Oct 7, 2020
Mark Meadows Update on Donald Trump’s Condition & Economic Stimulus Transcript October 7
White House Chief of Staff Mark Meadows spoke to the press on October 7 to give an update on President Trump’s condition and the status of economic stimulus negotiations. Read the transcript of his remarks here.
Transcribe Your Own Content
Try Rev and save time transcribing, captioning, and subtitling.
Mark Meadows: (00:00)
I’ve got to… If you all stay back, I’ll be glad to answer it.
Speaker 2: (00:05)
Are we going to see the President today and what precautions are being taken for people who do come in contact with him?
Mark Meadows: (00:10)
Yeah. Obviously with the President, he continues to work. We’ve got a number of safety protocols with full PPE, masks, goggles, and the like for any direct interaction with the President in those areas. We continue to have a number of areas where we have disinfectants for hard surfaces and the like. But the President continues to work. He’s in very good health. We’re pleased with his progress. I had a briefing last night with Doc Conley late last night and we’ll do so again this morning.
Speaker 2: (00:50)
Will we see the President today and is he going to go to the Oval?
Mark Meadows: (00:52)
His schedule right now is fluid. We’re looking at his prognosis from a health standpoint. He wanted to go to the Oval yesterday. If he decides to go to the Oval, we’ve got safety protocols there that are, not only from a PPE standpoint, but from a ventilation standpoint in the Oval where we can actually work to that end as well.
Speaker 3: (01:16)
Are stimulus negotiations on or off? It was kind of confusing with the President’s-
Mark Meadows: (01:19)
Well, the stimulus negotiations are off. Obviously we’re looking at the potential for standalone bills. There’s about 10 things that we agree on. And if the Speaker is willing to look at those things on a piece by piece basis, then we’re willing to look at it. It became very obvious over the last couple of days that a comprehensive bill was just going to get to a point where it didn’t have really much Republican support at all. It was more of a Democrat led bill, which would have been problematic more so in the Senate than in the House. Peter?
How did the White House failed to prevent this outbreak? And specifically, why didn’t the White House [inaudible 00:02:02] to mandate social distancing and mask wearing?
Mark Meadows: (02:05)
Well, we do mandate social distancing as much as practical and when we’re there obviously wearing masks when you can’t do that. And in private meetings, we try to do that. The other part of that is testing on a daily basis. With all the senior staff, we were testing on a daily basis. Those protocols and where this came from and how exactly it entered in allows us to look at a number of things that … I met with both our White House Medical Office yesterday, the CDC, as we’re working with both of those to try to figure out what are the safest practice. Was on the phone late last night with Dr. Birx.
Mark Meadows: (02:52)
We’ve taken a number of extra precautions here at the White House, and yet you still see whether they get infected or they’re an asymptomatic spreader that might’ve come in, we’ve got to look at it. But it also shows the very nature of this particular virus is even with some of your colleagues, a number of your colleagues who may wear masks religiously, they’ve come down with it. And so it makes us pivot back to one critical thing. We need to make sure that therapeutics and vaccines are what we focused on. The President wants to make sure that whatever drugs he was able to receive at Walter Reed, that all Americans can receive those drugs and has been laser-focused on that.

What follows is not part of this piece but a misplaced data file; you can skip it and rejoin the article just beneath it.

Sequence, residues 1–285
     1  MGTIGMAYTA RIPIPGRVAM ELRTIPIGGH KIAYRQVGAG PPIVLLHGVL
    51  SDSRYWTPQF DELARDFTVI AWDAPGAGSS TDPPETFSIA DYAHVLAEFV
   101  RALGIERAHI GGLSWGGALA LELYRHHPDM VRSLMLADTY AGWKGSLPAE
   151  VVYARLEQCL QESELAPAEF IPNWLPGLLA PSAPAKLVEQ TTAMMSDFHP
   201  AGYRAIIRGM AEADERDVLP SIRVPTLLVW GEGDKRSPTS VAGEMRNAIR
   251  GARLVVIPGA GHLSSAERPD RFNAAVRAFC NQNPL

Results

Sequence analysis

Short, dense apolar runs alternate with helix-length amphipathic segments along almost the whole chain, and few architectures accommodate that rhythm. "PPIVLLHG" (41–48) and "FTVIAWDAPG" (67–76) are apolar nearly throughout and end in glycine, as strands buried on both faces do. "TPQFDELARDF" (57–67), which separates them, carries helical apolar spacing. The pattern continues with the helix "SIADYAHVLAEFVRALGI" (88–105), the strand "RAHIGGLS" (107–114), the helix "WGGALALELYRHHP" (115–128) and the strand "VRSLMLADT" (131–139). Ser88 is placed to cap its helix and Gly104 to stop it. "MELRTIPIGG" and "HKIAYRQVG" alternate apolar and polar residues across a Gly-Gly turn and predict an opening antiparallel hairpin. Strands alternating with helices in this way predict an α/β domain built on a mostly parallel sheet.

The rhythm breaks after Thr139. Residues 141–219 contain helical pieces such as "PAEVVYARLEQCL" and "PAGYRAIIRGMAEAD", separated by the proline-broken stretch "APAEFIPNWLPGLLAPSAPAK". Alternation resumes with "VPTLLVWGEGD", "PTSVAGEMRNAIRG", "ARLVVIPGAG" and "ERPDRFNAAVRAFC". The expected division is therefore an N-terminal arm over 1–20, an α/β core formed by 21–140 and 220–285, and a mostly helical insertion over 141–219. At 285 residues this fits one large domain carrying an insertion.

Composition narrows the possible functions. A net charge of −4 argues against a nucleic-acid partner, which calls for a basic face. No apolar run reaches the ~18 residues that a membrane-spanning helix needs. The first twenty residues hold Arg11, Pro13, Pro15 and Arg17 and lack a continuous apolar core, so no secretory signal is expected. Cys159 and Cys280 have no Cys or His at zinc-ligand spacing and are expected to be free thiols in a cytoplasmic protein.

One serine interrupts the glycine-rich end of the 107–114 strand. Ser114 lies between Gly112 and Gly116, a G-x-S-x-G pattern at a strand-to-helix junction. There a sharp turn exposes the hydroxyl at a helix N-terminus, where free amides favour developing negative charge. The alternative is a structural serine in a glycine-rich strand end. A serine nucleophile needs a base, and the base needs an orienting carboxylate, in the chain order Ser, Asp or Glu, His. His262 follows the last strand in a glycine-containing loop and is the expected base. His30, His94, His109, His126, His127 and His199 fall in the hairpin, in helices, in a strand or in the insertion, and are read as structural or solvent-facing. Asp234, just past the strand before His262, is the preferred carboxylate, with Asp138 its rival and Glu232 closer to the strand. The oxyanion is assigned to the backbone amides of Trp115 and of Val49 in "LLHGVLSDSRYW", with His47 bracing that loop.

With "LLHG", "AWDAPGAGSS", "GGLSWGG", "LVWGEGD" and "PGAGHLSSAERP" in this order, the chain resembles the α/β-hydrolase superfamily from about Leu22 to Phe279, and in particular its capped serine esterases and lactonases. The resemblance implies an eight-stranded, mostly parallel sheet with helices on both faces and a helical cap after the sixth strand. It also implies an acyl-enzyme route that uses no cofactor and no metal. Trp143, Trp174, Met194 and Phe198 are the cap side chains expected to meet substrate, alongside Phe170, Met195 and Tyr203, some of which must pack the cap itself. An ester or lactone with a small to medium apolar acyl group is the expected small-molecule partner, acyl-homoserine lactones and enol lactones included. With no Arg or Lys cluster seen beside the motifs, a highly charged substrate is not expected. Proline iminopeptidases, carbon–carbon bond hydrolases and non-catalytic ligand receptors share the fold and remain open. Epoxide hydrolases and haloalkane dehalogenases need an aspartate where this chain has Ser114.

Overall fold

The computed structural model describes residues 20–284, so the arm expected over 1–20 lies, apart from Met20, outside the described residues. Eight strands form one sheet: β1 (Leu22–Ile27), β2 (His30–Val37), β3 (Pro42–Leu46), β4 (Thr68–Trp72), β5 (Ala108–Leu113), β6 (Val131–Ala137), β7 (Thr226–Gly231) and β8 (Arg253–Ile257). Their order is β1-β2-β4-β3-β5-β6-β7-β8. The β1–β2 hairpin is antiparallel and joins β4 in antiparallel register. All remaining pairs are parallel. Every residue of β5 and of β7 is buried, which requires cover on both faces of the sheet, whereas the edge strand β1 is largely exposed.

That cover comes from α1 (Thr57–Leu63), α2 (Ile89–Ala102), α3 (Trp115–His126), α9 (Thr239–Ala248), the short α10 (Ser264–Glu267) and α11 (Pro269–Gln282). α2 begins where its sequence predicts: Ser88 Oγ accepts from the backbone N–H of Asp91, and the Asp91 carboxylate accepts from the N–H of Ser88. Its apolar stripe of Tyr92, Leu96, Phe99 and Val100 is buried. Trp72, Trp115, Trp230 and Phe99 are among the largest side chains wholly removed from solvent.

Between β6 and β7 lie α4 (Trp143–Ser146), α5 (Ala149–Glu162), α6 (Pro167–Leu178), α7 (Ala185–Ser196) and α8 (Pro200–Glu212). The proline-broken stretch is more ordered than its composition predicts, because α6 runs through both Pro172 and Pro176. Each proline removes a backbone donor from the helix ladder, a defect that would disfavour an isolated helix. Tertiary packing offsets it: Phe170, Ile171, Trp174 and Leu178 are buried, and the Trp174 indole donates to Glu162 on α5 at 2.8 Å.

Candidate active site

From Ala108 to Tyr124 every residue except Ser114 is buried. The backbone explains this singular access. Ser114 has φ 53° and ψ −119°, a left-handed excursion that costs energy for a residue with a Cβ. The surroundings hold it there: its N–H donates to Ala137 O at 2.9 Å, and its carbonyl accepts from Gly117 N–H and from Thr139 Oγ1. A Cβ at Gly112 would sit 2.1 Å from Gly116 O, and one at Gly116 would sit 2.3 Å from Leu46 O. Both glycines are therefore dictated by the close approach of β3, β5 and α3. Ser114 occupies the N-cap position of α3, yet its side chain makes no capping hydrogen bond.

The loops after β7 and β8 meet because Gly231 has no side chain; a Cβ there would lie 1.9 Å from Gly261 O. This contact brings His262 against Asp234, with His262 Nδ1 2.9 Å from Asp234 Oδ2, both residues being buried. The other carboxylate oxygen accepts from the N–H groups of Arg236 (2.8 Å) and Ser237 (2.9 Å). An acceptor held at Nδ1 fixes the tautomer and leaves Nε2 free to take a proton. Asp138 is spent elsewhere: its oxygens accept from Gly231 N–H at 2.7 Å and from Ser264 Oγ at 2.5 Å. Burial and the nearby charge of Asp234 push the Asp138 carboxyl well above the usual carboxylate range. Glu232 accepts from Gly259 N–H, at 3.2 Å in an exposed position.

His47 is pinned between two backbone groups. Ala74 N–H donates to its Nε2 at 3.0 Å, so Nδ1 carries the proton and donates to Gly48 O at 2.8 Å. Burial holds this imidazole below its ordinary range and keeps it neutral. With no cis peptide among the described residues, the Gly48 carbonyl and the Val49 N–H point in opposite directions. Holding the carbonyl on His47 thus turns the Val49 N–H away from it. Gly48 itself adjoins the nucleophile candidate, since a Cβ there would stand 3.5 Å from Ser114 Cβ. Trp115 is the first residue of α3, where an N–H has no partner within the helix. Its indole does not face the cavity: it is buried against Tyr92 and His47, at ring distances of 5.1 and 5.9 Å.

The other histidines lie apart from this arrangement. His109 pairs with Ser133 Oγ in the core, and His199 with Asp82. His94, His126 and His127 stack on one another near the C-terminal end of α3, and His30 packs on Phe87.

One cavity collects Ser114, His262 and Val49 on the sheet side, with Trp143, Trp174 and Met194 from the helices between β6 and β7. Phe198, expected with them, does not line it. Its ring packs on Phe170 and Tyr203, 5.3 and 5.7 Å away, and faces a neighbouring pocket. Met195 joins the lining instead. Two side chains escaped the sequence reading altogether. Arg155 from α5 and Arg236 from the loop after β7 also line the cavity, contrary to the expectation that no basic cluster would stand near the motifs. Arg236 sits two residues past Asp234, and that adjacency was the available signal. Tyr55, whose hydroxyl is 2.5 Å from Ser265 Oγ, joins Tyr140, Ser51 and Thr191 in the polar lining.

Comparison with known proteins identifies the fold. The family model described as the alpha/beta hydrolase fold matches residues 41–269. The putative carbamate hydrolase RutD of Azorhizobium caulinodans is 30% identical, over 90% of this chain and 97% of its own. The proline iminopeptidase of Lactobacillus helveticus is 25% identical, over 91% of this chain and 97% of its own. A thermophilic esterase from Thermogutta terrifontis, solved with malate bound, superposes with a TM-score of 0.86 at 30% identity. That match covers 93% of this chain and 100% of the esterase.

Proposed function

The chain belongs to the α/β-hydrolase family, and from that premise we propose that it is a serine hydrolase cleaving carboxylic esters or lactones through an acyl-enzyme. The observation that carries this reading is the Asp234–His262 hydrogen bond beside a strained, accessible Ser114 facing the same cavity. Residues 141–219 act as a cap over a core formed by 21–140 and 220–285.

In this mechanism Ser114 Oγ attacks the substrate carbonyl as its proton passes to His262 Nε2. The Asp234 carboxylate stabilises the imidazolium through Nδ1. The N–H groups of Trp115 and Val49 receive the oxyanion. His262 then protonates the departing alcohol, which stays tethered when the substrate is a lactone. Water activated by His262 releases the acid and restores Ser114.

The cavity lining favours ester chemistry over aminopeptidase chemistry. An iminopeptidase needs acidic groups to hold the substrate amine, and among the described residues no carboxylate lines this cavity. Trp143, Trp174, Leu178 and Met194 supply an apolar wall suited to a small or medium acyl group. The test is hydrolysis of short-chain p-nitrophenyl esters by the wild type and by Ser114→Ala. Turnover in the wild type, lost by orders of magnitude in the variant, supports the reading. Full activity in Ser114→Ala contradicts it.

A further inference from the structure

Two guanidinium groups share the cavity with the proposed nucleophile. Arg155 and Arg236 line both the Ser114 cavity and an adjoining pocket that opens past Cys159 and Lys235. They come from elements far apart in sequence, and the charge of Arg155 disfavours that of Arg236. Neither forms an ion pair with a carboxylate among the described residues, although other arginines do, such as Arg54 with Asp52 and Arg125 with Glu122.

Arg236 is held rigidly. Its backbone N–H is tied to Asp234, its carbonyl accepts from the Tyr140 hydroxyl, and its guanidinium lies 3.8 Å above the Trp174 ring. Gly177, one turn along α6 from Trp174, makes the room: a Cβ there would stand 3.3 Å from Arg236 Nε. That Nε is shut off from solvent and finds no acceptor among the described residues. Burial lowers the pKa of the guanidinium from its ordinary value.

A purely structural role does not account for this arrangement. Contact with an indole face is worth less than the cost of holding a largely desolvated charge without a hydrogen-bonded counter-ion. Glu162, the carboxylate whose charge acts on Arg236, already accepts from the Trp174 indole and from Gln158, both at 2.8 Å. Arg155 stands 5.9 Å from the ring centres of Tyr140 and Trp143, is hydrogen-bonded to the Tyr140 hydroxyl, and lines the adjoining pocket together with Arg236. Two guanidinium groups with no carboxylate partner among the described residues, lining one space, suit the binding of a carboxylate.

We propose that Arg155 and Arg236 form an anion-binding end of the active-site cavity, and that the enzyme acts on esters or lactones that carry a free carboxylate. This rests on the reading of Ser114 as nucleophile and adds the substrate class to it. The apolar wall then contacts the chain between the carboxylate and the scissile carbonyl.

For clarity though, as we look at the Amy Coney Barrett event, you talked about we’ve done the best we can. We do a lot of testing. There was no social distancing, there were very few masks worn. And as you know, testing alone isn’t enough. So why didn’t you social distance there? Why didn’t everyone wear a mask?
Mark Meadows: (03:49)
Yeah. And so Peter, you’re drawing some assumptions from that event that we’re saying with the facts that we’re looking at may not actually meet that out. And I can tell you that we’re looking at it in a detailed manner, just because there were a number of people there that came down with it. We actually know that some of the infection here within the White House did not come from that event because of the number of people that we have. We know exactly, or we believe we know exactly where that infection came from. And so to do it from a causal standpoint and suggest that that was the cause would just not be accurate. I’ve got to run.
Speaker 5: (04:28)
[crosstalk 00:04:28] part of a negotiating position or did he really want to slam the door? Or was he expecting-
Mark Meadows: (04:38)
Yeah. I don’t know that there’s any negotiating position. I think the President’s tweet was recognizing what we all know right now is over the last several days, while we have been increasing our offers and actually looking at some of the ways to compromise, there hasn’t been the same kind of effort on the other side of it from the Speaker. And so to suggest to continue to go on with conversations that wouldn’t have the support in the Senate was really something that we couldn’t do.
Mark Meadows: (05:11)
I’ve got to run. I’ve got to run back. [crosstalk 00:05:14] I’ve tested negative every day, including today.
Speaker 3: (05:17)
Was the President tested negative?
Speaker 5: (05:19)
Mark, was the President tested daily before Thursday? [crosstalk 00:05:27] So we’ll attribute to you yes, tested daily before Thursday.
Speaker 6: (05:35)
Never answer that question.